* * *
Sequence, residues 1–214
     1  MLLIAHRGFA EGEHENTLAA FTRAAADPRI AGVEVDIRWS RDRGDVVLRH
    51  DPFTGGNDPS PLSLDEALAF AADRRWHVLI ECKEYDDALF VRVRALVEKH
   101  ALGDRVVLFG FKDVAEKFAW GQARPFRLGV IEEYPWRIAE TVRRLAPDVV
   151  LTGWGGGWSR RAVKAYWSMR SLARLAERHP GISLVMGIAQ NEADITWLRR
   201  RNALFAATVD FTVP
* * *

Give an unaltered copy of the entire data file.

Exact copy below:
Sequence, residues 1–214
     1  MLLIAHRGFA EGEHENTLAA FTRAAADPRI AGVEVDIRWS RDRGDVVLRH
    51  DPFTGGNDPS PLSLDEALAF AADRRWHVLI ECKEYDDALF VRVRALVEKH
   101  ALGDRVVLFG FKDVAEKFAW GQARPFRLGV IEEYPWRIAE TVRRLAPDVV
   151  LTGWGGGWSR RAVKAYWSMR SLARLAERHP GISLVMGIAQ NEADITWLRR
   201  RNALFAATVD FTVP